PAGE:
Levonorgestrel-releasing (20 μg/day) intrauterine systems (Mirena) compared with other methods of reversible contraceptives

Authors

  • R. S. French,

    Research Fellow, Corresponding author
    1. Department of Sexually Transmitted Diseases, Royal Free and University College London Medical School
      Correspondence: Dr R. French, Department of Sexually Transmitted Diseases, Royal Free and University College Medical School, The Mortimer Market Centre, off Capper Street, London WC1E 6AU, UK.
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  • F. M. Cowan,

    Senior Lecturer (Genitourinary Medicine)
    1. Department of Sexually Transmitted Diseases, Royal Free and University College London Medical School
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  • D. Mansour,

    Consultant (Community Gynaecology & Reproductive Health Care)
    1. Graingerville Contraception and Sexual Health Clinic, Newcastle City Health NHS Trust
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  • J. P. T. Higgins,

    Research Fellow (Medical Statistics)
    1. Systematic Reviews Training Unit, Institute of Child Health, Royal Free and University College London Medical School
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  • A. Robinson,

    Consultant (Genitourinary Medicine)
    1. Department of Genitourinary Medicine, Camden & Islington Community Health Services NHS Trust
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  • T. Procter,

    (Deputy Chief Officer)
    1. Islington Community Health Care Council
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  • S. Morris,

    Lecturer (Economics)
    1. Department of Health Economics, School of Social & Human Sciences, City University, London
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  • J. Guillebaud

    Professor
    1. Margaret Pyke Family Planning Centre, Camden & Islington Health Services NHS Trust, London
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Correspondence: Dr R. French, Department of Sexually Transmitted Diseases, Royal Free and University College Medical School, The Mortimer Market Centre, off Capper Street, London WC1E 6AU, UK.

Abstract

Objective To assess the relative contraceptive effectiveness, tolerability and acceptability of the levonorgestrel-releasing (20 μg per day) intrauterine system (LNG-20) compared with reversible contraceptive methods in women of reproductive age.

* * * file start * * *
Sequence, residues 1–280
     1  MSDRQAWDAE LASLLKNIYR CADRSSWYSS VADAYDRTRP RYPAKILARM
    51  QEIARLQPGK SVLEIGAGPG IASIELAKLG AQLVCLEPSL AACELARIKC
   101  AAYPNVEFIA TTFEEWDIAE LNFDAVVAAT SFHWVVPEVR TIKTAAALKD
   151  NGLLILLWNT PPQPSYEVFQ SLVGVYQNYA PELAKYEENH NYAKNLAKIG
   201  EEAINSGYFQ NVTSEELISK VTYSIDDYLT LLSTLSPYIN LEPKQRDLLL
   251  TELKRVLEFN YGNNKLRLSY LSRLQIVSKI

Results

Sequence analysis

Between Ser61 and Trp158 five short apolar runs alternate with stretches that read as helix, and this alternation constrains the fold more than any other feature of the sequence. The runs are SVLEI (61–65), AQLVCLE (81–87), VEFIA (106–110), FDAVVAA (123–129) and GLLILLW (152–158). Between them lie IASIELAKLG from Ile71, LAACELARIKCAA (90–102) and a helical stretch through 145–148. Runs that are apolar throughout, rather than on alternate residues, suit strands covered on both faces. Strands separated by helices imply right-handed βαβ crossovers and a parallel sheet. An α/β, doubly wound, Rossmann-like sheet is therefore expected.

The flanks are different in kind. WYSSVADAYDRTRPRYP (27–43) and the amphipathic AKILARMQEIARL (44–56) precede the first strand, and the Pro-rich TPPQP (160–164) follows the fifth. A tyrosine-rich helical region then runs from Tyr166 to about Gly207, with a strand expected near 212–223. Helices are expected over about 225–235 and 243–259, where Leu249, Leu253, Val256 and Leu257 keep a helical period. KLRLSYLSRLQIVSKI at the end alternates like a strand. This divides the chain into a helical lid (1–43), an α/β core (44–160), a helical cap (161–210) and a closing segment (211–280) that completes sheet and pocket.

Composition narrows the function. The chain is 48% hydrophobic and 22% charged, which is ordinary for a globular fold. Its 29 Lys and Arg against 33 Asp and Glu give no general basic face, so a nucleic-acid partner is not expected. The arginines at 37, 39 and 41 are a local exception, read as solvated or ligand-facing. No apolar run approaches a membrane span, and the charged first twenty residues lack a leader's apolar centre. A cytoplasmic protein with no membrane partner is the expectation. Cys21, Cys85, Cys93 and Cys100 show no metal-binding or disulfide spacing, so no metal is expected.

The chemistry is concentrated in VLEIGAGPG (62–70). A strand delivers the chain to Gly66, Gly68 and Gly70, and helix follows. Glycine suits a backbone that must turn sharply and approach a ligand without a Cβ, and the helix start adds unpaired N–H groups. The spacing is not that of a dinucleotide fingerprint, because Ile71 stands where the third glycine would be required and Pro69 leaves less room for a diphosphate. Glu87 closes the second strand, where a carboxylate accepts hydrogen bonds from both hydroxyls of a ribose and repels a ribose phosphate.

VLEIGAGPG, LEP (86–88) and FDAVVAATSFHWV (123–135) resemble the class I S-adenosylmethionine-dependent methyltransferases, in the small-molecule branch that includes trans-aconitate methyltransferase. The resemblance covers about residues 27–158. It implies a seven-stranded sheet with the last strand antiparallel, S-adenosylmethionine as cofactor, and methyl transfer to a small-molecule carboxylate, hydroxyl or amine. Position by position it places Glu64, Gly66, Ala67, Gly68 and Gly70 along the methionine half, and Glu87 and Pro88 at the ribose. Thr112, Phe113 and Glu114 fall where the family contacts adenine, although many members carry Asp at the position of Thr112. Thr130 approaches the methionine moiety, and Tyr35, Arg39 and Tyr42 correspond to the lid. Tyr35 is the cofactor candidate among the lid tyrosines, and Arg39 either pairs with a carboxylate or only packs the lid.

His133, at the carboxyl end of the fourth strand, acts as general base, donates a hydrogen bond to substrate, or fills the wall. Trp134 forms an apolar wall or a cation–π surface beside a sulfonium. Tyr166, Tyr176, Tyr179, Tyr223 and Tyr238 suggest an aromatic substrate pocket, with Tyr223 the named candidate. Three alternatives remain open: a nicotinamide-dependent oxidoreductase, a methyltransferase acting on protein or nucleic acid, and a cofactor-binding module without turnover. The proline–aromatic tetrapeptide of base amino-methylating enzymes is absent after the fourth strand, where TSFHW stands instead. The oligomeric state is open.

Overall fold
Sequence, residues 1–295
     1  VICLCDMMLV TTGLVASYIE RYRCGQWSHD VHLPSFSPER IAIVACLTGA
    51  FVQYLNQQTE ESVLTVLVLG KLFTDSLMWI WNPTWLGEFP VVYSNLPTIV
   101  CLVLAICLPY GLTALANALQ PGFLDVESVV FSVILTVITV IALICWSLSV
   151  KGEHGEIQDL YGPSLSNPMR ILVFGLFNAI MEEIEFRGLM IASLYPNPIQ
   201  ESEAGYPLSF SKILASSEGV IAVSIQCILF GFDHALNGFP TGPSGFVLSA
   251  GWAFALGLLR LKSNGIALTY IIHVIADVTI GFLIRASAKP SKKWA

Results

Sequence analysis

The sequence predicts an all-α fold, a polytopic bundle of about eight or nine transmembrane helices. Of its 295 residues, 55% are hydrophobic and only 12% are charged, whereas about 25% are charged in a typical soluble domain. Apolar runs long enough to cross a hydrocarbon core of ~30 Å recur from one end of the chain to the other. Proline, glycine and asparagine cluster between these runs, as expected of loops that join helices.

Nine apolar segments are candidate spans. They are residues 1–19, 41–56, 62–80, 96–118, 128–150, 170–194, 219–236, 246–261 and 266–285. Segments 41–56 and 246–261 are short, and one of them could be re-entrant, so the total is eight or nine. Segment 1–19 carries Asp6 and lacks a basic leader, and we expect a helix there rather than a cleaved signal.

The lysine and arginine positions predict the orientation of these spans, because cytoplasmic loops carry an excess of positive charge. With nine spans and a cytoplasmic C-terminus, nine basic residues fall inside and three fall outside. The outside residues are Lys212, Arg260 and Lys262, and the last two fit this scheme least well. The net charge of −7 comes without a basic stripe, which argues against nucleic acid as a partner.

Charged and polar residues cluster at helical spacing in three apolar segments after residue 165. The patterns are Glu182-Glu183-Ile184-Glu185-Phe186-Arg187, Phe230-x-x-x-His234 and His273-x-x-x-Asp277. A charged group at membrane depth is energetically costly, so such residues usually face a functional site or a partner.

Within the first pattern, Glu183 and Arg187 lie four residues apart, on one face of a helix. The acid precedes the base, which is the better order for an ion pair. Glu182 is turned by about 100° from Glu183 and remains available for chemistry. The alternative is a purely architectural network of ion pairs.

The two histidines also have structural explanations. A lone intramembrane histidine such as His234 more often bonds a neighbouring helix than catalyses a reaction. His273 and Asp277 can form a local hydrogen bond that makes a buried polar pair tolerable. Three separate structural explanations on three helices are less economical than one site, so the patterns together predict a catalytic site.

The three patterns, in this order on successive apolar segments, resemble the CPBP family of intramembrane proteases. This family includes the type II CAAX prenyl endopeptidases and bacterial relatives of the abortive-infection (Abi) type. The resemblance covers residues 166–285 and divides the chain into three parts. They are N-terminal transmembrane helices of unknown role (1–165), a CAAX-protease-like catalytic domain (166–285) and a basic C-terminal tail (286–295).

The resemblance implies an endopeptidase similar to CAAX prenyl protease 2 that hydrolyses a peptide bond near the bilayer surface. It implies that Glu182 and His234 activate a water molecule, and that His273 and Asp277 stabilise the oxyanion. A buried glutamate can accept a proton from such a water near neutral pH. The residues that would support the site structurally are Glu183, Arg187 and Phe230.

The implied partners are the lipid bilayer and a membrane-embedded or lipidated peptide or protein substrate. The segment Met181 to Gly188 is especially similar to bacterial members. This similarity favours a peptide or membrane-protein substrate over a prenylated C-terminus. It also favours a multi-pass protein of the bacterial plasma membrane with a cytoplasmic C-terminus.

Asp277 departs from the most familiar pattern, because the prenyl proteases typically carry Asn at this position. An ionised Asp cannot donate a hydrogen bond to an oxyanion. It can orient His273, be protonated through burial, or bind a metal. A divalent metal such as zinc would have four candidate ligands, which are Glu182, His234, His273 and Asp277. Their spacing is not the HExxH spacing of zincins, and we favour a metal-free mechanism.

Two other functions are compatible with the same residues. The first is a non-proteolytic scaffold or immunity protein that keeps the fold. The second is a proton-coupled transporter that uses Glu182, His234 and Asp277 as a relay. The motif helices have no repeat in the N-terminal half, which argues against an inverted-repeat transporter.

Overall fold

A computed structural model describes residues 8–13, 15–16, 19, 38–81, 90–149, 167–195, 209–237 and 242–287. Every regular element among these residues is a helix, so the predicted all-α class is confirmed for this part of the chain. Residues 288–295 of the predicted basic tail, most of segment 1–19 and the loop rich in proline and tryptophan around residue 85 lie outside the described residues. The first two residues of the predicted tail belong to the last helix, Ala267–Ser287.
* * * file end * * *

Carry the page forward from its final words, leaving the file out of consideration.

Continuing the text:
Design A systematic review and meta-analysis of randomised controlled trials.

Identification Studies were identified through seven databases, and by contacting investigators and organisations working in the contraceptive field.

Main outcome measures Unplanned pregnancy and continuation of contraceptive method.

Results Five of the seven randomised controlled trials which met the inclusion criteria were included in the meta-analyses; four were comparisons of the LNG-20 intrauterine system with nonhormonal intrauterine devices. LNG-20 intrauterine systems were compared with intrauterine devices divided into two categories, those > 250 mm3 (Copper T 380 Ag and Copper T 380 A intrauterine devices) and those ≤ 250 mm3 (Nova-T, Copper T 220C and Copper 200 intrauterine devices). Pregnancy rates for the LNG-20 intrauterine system users were significantly less likely to become pregnant compared with users of intrauterine devices ≤ 250 mm3, and significantly less likely to have an ectopic pregnancy. LNG-20 intrauterine system users were more likely to experience amenorrhoea and device expulsion than women using intrauterine devices > 250 mm3. LNG-20 intrauterine system users were significantly more likely than all the intrauterine device users to discontinue because of hormonal side effects and amenorrhoea. When the LNG-20 intrauterine system was compared with Norplant-2, the LNG-20 users were significantly more likely to experience oligo-amenorrhoea, but significantly less likely to experience prolonged bleeding and spotting.

Conclusions The effectiveness of the LNG-20 intrauterine system was similar to or better than other contraceptive methods with which it was compared. Amenorrhoea was the main reason for the discontinuation of the LNG-20 intrauterine system, usually unnecessarily, since this end-organ suppression of bleeding is benign, associated with normal oestrogen levels. Women choosing this method should be informed of potential amenorrhoea when having pre-contraceptive counselling and that absent bleeding may be viewed as a positive outcome.

INTRODUCTION